Marina’s Picks: Africville Museum

Posted on

Marina’s Picks is a regular feature from CanadaHelps CEO, Marina Glogovac, highlighting some of the many charities she is personally passionate about. As a champion for smaller charities, Marina wants to help fellow Canadians discover some of the lesser known organizations that are working to make our communities better.

In the 1960s, the African Nova Scotian community of Africville, located on the northern shore of Halifax Harbour, was destroyed to clear the way for industrial development. The residents were forcibly displaced and homes and businesses were demolished in an erasure of more than 100 years of physical history. The Africville Museum is one of many charities preserving Black History in Canada. This month, we observe Black History Month and honour the legacy of Black Canadians and their communities. Juanita Peters, the museum’s Executive Director shared a piece of history many of us were not taught.  

In 2010, the people of Africville received a historical apology from the city of Halifax which included an allocation of land and $3 million for the construction of a replica of the church that had stood at the centre of the community—and resulted in the founding of the Africville Heritage Trust. The church is home to the Africville Museum, which is not only responsible for preserving history but serves as a community and cultural hub bringing people together to enjoy the land. “We’re very fortunate to have a living history,” explains Peters. “Unlike most museums, where the things that you’re discussing are so far in the past that you’re relying on people’s writings or writings from views from a particular space in time—we have people who have been through it and we love talking to them about their experiences. The children of Africville are in their 60s and 70s today. They’re still here with us in the community.”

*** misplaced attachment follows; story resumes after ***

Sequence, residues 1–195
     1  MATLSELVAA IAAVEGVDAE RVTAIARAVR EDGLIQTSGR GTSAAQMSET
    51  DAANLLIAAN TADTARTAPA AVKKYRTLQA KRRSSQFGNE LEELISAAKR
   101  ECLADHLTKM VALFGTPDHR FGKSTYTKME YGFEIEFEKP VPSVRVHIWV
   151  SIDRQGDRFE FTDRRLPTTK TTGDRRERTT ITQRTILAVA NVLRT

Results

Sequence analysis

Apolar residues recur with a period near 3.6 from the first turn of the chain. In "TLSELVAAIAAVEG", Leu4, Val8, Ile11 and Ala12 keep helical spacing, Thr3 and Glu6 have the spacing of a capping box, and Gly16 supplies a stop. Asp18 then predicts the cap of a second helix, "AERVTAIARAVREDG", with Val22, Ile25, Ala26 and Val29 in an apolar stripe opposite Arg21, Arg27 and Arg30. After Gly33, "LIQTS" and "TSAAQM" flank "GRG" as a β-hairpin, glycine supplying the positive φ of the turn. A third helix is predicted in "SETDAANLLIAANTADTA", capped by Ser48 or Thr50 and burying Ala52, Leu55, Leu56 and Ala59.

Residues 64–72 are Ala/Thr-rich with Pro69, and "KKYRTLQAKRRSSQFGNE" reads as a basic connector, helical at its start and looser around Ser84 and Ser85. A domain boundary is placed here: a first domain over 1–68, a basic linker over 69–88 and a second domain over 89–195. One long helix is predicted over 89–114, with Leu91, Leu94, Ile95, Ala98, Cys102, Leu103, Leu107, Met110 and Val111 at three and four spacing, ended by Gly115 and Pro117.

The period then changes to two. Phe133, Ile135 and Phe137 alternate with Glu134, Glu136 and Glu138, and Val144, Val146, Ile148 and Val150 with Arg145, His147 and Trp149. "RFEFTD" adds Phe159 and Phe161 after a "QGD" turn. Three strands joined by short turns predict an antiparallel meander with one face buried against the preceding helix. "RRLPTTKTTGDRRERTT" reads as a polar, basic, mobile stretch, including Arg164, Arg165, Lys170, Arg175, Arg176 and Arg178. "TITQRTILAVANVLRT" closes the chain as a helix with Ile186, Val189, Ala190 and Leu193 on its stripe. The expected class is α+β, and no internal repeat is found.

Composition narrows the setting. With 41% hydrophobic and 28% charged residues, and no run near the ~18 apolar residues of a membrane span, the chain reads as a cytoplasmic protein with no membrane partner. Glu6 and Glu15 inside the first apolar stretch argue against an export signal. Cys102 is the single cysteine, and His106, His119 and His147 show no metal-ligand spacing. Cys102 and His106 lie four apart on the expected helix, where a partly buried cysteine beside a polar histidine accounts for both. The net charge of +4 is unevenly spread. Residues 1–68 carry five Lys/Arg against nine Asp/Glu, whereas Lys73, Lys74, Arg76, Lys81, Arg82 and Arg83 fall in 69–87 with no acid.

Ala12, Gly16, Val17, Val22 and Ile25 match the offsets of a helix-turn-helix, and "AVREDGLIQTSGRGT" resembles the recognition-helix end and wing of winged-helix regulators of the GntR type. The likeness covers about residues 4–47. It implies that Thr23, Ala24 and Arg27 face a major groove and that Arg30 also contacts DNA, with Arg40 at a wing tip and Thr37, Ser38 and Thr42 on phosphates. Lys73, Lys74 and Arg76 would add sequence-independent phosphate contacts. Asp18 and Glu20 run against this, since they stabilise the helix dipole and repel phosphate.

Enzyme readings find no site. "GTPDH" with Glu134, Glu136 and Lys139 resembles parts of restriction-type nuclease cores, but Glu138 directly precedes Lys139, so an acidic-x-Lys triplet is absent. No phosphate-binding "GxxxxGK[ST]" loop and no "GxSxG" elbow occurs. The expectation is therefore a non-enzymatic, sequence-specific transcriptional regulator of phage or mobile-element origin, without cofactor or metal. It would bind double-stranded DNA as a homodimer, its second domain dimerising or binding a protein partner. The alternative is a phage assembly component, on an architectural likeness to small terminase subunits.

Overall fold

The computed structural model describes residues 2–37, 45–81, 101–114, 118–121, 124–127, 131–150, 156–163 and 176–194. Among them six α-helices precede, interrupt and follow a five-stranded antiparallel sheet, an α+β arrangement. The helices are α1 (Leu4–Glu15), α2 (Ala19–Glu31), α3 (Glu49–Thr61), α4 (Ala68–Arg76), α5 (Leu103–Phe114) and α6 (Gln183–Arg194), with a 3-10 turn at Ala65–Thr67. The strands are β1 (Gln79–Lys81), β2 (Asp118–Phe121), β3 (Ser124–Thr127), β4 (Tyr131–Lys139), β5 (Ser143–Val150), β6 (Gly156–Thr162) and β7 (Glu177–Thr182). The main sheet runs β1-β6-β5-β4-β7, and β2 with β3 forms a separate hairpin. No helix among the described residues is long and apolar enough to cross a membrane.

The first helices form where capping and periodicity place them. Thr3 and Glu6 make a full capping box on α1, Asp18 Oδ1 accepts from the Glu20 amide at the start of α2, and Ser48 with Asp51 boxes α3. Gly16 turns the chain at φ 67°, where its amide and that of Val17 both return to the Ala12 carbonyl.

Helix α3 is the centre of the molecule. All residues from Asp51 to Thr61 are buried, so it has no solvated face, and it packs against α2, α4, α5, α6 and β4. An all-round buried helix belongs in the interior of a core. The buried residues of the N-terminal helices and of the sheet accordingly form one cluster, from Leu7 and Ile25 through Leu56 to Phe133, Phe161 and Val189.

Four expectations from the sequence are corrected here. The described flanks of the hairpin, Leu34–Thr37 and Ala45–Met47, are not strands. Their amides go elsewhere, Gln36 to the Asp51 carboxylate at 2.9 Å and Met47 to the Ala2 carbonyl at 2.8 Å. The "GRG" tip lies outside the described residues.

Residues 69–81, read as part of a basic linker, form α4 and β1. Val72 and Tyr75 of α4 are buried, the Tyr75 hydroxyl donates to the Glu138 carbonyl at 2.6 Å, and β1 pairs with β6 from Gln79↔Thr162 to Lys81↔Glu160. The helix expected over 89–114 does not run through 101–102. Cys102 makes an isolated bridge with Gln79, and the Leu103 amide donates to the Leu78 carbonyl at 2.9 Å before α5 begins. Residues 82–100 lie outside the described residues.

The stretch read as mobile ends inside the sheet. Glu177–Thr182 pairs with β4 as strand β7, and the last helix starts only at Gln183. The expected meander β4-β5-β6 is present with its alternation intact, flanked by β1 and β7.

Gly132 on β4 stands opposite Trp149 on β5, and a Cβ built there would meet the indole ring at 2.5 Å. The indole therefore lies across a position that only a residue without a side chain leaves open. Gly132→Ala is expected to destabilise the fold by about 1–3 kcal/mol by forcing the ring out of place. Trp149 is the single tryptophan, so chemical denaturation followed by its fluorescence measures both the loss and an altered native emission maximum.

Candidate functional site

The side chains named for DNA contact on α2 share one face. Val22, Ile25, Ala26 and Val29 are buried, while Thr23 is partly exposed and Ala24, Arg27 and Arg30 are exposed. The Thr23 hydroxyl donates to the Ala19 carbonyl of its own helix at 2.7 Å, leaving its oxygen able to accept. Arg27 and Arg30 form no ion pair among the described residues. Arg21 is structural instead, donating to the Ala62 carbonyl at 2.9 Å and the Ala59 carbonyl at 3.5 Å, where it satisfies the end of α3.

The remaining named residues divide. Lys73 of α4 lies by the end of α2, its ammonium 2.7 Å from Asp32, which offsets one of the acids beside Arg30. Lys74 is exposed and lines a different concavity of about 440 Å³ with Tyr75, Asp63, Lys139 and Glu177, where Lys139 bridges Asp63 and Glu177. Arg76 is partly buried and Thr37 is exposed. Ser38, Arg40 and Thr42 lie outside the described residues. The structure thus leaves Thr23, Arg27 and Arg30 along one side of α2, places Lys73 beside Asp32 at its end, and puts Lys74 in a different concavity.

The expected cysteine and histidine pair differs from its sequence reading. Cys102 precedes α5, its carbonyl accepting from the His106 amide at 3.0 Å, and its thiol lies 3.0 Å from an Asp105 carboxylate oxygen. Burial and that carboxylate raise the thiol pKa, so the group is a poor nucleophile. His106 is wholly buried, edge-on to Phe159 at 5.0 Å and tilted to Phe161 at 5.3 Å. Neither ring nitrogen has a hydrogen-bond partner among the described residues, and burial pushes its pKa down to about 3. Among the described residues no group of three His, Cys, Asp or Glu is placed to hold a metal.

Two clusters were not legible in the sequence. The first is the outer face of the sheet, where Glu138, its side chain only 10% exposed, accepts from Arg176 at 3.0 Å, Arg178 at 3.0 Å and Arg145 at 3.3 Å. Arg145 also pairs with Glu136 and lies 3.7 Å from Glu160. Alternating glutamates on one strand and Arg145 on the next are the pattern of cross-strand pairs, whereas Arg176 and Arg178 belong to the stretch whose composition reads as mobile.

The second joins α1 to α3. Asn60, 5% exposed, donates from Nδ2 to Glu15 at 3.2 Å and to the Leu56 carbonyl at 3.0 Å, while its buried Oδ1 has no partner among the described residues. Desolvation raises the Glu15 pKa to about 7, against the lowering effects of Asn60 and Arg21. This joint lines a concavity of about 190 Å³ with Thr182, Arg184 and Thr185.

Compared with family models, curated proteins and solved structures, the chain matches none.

Peters joined the Museum in 2018 after working for many years as a journalist and filmmaker.  “I’m a storyteller,” says Peters. “And the Africville story is one that I’ve been telling for over 20 years in different ways.” In 2008, when the 40th anniversary of the relocation of the people of Africville was approaching, she decided to create a documentary film,  Africville: Can’t Stop Now, which reflects on the community and their story of survival. The documentary aired on CBC, Bravo, the documentary channel, and elsewhere throughout 2009, and was also delivered to every member of Halifax city council and the federal government. Peters’ documentary played an important role in persuading politicians to take steps towards repairing the harm that had been caused.  

Although one of the best ways to explore the history of Africville is to visit the museum itself, throughout COVID they’ve often had to close, and like many of us, have shifted to online offerings like adding a virtual tour. Right after the pandemic struck, their lifesize, 800ft exhibit called A Walk Through Africville was supposed the exhibit was scheduled to leave the Nova Scotia Museum of Industry and travel to various sites in Atlantic Canada but lockdowns stopped this from being possible. Luckily, the Halifax Convention Centre housed it until late 2021 allowing hundreds of visitors to learn more about the community’s history.